Monday, 1 August 2011

Calpurnia Janowick's Song

Calpurnia Janowick's Song

Our loved ones blow away upon the wind.
They are reborn into this world by grief.
We miss them, know them, taste them, take them in,
Until with each surrender, every known goodbye,
They mould the soul and body of our selves
A little more to them, to that we loved:
With every sorrow we embrace, they learn
To live again - dear love, to live again!

In empty worlds of babble and bad books,
Grief is a healthy stage, a psychic purge,
A blister burst, a mental enema -
A dark leg of our Journey to ourselves;
And these are true words, love, and they bring death.
Grief is not shameful, not a test, a trip,
Nor least of all, salubrious exercise!
When grief becomes a duty or a phase,
Each true, specific sorrow comes off cheap,
And one we love haunts us and hurts no more -
And they are not reborn, oh, love! are not reborn
Into the coward, lost and empty souls
Churned out by shrinking therapies and writers of bad books.
A lesson comes, a homily, then pull-together time:
The bitterest belittled, we can share a tasteless sweet.

Taste all my sweets, beloved, as I would taste all yours.
Weep. Walk. Sing. Curse. Laugh, cry, mind no reason
Except these reasons, means, ends: You, and I,
And life again, dear love - our life again!
And joy, my love, forever: joy, grief, joy.

Don't ever wear a mask, my love; nor suffer me
To hide my tenderness away from you,
But let us court and love until the dark,
And, dancing soul to soul, you in me, I in you,
Do all and all that mortal we may do,
To be reborn, my love - to be reborn!

This is a real poem from a fictional book: King Sorrow, by Lena Rushwell.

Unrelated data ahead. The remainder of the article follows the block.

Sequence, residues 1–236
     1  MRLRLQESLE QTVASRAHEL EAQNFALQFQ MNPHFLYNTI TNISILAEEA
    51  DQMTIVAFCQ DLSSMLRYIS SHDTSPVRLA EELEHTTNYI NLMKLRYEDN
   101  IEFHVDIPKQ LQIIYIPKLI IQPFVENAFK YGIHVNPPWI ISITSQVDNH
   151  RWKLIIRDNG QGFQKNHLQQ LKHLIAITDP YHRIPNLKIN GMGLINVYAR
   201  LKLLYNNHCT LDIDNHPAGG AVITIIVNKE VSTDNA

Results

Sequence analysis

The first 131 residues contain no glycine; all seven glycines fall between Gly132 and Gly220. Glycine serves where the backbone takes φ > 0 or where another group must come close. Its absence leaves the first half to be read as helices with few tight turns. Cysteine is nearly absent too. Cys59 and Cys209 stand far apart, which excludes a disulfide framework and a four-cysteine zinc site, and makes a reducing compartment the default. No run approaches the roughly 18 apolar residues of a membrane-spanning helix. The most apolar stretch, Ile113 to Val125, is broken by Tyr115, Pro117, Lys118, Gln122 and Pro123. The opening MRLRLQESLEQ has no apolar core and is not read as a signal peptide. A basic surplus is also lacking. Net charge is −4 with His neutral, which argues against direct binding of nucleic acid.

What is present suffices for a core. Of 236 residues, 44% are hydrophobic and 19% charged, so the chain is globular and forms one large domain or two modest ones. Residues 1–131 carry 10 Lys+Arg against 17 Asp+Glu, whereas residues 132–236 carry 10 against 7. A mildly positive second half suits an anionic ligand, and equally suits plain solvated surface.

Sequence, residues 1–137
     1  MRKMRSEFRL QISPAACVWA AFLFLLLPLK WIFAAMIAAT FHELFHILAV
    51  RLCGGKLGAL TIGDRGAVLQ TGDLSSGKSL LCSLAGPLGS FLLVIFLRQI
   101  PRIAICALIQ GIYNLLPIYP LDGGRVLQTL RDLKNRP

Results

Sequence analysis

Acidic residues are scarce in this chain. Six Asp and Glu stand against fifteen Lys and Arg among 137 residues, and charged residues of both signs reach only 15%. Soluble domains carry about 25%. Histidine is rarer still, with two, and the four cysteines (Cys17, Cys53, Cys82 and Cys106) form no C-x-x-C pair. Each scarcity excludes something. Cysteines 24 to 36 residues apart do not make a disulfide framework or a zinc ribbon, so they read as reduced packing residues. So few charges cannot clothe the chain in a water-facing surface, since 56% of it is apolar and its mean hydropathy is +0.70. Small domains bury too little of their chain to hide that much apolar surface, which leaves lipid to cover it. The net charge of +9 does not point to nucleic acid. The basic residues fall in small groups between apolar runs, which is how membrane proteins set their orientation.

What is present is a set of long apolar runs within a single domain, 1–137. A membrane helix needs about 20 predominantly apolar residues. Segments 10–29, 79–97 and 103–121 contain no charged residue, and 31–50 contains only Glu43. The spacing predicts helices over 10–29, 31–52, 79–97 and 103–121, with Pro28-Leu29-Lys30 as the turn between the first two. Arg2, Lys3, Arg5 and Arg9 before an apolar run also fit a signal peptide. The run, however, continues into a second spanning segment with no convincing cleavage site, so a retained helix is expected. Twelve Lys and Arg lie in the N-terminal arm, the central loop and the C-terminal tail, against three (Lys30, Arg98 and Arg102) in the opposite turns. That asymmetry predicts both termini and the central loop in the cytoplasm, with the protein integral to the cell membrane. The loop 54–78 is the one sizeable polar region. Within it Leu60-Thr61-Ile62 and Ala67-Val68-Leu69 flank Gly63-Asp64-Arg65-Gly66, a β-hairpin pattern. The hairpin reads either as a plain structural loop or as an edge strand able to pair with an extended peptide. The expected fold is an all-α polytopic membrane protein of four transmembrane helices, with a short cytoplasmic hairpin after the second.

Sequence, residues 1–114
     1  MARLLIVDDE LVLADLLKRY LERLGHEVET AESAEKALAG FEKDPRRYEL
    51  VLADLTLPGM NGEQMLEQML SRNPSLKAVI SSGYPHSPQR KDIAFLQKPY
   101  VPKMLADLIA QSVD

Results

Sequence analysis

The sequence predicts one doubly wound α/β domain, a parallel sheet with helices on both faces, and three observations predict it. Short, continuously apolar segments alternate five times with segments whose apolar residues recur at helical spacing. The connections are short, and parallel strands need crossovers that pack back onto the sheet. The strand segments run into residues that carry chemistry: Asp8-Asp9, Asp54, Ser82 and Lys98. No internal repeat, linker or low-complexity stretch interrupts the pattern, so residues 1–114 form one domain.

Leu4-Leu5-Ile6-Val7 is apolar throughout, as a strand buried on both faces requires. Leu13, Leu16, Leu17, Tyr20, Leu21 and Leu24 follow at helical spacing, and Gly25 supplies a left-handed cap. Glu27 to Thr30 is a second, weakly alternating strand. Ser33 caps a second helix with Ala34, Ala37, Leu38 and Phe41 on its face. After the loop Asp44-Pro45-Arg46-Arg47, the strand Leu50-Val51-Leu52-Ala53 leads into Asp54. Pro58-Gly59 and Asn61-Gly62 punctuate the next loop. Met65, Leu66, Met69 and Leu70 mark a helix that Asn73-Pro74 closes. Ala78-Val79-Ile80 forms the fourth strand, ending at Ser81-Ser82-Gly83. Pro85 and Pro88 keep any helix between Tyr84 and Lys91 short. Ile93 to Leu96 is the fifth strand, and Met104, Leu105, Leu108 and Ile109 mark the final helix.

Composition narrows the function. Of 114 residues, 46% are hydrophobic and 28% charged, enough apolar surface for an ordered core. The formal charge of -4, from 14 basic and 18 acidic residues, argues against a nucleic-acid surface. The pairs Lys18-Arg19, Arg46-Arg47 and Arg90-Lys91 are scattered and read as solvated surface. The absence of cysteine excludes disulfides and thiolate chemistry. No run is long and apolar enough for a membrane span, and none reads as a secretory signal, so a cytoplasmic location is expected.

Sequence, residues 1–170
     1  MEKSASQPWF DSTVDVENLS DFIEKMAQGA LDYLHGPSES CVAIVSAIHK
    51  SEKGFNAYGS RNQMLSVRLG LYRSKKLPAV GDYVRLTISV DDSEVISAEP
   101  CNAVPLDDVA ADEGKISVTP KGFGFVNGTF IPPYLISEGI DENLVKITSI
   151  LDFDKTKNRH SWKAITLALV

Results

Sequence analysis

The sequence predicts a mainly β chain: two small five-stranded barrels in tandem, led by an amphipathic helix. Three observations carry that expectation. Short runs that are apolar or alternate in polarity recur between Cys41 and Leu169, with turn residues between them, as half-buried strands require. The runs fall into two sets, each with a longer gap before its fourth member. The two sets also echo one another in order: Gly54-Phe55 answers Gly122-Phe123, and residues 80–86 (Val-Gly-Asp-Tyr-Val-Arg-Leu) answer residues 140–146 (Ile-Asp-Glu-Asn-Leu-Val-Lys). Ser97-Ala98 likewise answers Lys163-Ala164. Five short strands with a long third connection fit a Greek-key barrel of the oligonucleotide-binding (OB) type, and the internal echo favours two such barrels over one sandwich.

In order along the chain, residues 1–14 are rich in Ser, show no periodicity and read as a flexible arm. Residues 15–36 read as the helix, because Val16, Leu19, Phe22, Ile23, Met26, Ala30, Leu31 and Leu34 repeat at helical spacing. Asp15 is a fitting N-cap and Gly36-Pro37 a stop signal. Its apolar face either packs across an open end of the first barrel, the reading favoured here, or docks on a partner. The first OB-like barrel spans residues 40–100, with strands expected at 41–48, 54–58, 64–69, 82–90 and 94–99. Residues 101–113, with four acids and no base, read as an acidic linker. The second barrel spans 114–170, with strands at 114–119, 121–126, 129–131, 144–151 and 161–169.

Lena is a major secondary character in a very long and overstuffed SF novel which I was writing through 2001 1996 [Good gravy! Time flies!], before it finally ran into the sand - teaching me several important things about rhythm and plot in the process. She is a far better storyteller (and, mostly, a nicer human being) than I am ever likely to be; and her voice is not much like mine, though on a very good day I can sort of emulate her in short bursts.

After my grandad died, I had neither words, nor any tears that did me much good, until Lena tapped me on the shoulder and insisted on writing this through me. I have no idea of what its context may be in King Sorrow. In Lena's world, she is writing this shortly after her ex-lover has been mindblasted into a coma by a phenomenon in which she most militantly does not believe, under circumstances which she strongly suspects she helped set up.

There is the material for several books in the Kitchen Sink Yarn, one or more of which I may someday excavate from the general rubble. Had I but world enough and time... Still, I should like to work with Lena again, if I could ever arrange a clear shot at it.

Her other novels are Turkish Stone, a lyrical eco-thriller which I have neither the desire nor the skill to write; and Camilla Kinnison's Dance, a literary space-opera and sequel to E E 'Doc' Smith's classic Lensman series, which I very much wish I could write, and about which I may possibly know more detail than is entirely good for me.

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